Eurovision has been a staple in television pop culture for seven decades now, and the time has finally come to tune in again with the competition final broadcasting this weekend. I, Robin Smith, a devoted Eurovision enthusiast since childhood, sought to create an encompassing, all-you-need-to-know guide on its winning performances (and those that were not quite so successful…) for fellow die-hard fans.
Click on the image to open up a high-res PDF.
In true Information Is Beautiful fashion, the aim was to portray as much information about the participants as possible in a digestible but visually enticing fashion, but also be accessible enough to seek specific answers depending on the goal of the user.
The right side encompasses everything to do with the winners since 1956 – Eurovision’s big debut. Find out everything you need to know about the winners such as; who they are, where they are from, what song they sang and in which language was it performed, how many points they achieved – and who hosted the competition. To bring further perspective as to which countries value this time of the year the most, you can also track how many times each has entered the competition since its conception in the centre.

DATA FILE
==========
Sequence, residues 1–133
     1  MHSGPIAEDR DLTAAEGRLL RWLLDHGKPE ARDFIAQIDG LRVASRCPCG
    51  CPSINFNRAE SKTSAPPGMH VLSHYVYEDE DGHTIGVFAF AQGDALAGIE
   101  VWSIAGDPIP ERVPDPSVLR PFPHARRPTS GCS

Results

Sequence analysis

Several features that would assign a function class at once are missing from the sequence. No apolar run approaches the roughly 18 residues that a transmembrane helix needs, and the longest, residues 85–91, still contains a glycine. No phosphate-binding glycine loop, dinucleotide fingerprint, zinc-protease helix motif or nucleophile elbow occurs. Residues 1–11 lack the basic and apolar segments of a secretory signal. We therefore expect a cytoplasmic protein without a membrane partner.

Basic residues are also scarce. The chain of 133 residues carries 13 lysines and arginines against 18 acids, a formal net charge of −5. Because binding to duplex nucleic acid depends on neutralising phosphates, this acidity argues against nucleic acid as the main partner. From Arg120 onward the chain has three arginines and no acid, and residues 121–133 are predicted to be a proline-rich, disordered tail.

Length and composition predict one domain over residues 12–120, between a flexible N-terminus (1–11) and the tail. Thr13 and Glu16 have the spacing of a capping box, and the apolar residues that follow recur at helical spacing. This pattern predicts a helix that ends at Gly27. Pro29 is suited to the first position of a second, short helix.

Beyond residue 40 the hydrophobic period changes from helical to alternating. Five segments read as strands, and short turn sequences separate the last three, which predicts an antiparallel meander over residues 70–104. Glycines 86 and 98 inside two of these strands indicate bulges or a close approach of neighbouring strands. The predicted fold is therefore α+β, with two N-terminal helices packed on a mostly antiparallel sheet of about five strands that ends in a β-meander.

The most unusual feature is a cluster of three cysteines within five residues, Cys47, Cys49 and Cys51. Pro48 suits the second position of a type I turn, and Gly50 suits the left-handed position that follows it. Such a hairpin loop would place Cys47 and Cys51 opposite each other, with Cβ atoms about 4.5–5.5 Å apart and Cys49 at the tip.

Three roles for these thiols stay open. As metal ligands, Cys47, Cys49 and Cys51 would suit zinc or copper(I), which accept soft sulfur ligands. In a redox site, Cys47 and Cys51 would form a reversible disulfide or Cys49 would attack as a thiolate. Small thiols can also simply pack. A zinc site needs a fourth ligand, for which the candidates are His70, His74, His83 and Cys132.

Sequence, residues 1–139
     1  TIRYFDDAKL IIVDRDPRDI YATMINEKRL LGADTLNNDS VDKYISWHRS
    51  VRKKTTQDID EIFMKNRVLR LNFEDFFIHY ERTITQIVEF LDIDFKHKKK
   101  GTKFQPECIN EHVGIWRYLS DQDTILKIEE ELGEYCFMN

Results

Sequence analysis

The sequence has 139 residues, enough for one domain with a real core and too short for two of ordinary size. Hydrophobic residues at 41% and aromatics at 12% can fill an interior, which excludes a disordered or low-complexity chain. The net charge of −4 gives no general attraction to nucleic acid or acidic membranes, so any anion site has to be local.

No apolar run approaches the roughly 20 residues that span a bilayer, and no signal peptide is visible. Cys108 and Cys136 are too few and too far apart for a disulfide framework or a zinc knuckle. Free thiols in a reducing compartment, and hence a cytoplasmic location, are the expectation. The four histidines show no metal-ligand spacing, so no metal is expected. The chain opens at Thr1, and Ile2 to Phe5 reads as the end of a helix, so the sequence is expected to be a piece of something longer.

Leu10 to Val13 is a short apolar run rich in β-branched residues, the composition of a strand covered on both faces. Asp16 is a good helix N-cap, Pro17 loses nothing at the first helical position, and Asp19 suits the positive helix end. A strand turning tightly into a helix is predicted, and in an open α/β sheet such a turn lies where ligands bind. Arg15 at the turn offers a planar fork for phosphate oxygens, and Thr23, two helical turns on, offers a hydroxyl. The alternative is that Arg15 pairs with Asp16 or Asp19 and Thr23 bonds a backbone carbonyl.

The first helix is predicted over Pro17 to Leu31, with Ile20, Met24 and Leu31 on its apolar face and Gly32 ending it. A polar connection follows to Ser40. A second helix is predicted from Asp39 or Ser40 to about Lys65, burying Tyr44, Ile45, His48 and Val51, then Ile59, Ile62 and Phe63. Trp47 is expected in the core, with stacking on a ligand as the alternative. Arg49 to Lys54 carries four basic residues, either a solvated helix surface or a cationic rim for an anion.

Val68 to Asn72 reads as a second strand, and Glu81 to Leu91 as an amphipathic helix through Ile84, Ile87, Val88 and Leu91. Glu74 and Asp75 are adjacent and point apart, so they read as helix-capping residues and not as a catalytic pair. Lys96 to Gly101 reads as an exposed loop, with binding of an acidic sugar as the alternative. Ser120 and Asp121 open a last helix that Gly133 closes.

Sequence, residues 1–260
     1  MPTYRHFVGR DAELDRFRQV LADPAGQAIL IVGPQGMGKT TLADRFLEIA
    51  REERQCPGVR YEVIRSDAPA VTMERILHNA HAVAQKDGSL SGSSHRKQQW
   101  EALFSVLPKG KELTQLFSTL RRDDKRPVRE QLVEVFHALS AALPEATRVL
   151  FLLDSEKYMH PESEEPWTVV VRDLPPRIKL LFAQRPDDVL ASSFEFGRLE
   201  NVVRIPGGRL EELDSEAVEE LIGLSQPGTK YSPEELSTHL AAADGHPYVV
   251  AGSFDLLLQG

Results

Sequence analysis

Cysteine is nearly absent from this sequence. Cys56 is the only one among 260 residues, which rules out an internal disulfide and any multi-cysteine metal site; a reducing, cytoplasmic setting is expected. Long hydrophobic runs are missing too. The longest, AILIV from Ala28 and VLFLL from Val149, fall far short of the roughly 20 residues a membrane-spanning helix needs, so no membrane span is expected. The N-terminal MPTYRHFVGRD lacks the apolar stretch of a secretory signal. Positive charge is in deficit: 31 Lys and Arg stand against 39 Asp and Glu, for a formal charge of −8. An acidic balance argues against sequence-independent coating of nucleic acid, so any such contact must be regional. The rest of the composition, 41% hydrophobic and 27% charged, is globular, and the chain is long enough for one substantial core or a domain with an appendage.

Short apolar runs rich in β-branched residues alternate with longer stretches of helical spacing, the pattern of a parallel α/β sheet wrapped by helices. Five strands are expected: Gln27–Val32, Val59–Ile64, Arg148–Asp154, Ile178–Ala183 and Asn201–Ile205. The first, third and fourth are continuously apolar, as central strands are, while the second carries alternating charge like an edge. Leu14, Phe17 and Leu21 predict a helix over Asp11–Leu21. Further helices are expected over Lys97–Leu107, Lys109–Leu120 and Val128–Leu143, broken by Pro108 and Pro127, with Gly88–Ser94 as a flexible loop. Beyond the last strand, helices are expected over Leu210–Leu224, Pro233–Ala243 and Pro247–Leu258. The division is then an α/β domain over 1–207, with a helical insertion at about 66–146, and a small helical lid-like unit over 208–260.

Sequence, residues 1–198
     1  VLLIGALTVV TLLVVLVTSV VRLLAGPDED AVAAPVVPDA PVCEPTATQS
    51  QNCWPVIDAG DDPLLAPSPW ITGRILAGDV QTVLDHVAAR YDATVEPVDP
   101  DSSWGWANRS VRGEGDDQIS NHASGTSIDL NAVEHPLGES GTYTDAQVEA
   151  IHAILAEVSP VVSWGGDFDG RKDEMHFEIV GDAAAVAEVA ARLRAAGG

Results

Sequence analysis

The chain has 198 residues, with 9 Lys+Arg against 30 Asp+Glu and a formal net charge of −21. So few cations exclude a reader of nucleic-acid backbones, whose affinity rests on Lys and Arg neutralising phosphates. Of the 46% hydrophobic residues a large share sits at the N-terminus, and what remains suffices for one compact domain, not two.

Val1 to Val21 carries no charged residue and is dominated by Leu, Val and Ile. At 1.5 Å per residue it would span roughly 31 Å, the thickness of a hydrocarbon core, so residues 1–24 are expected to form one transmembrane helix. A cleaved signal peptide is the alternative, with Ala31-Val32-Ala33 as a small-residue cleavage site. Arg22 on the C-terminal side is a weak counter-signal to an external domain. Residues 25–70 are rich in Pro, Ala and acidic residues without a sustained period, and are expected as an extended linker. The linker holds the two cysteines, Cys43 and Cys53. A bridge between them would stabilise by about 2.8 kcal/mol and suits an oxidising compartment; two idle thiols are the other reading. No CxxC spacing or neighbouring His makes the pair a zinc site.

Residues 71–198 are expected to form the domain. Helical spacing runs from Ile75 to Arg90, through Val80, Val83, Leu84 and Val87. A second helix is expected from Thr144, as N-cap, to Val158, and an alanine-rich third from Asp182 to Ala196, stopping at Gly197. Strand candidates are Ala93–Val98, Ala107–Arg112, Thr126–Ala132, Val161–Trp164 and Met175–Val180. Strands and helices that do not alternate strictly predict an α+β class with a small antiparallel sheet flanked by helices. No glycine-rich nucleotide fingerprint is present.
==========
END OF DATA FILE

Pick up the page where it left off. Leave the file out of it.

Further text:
The project started by looking only from an international perspective, but later developed into also taking an in-depth look at, in recent years the most notorious losers – representatives of the United Kingdom. With the outer ring forming a timeline of our ranking, you can track our fall from grace and pinpoint exactly where it all went pear-shaped for us.
Visuals: Sticking within the musical theme, the circular arrangement not only visually represents a progression of time but also creates the overall illusion of a vinyl record. The navy colour separates the two narratives – that of international and United Kingdom-specific perspectives – but was chosen as a nod to the most common colour utilised heavily in Eurovision’s various branding schemes.
Filtering information: To develop this further and aid users, the diagram would be made interactive to isolate information. Users could rollover the specific performance they wish to find out more about, which would then highlight and reveal the information in a much larger pull out box – removing the need to zoom.
Taking this idea further, for those looking to seek specific information, filters would be introduced to highlight and group relevant sections – shuffling them to the top for easy comparison.
Filtered results shuffle to the top, and appear in a highlighted section. Unrelated sections grey into the background.
Similarly users would be able to view only one of the three narratives to focus on a single timeline, the hidden sections greying into the background as when rolling over a single performance.
Hopefully this has kickstarted a video binge of all your favourite performances to get you ready for tomorrow, but here are a few iconic songs that did not make it to the winning spot to get you started:
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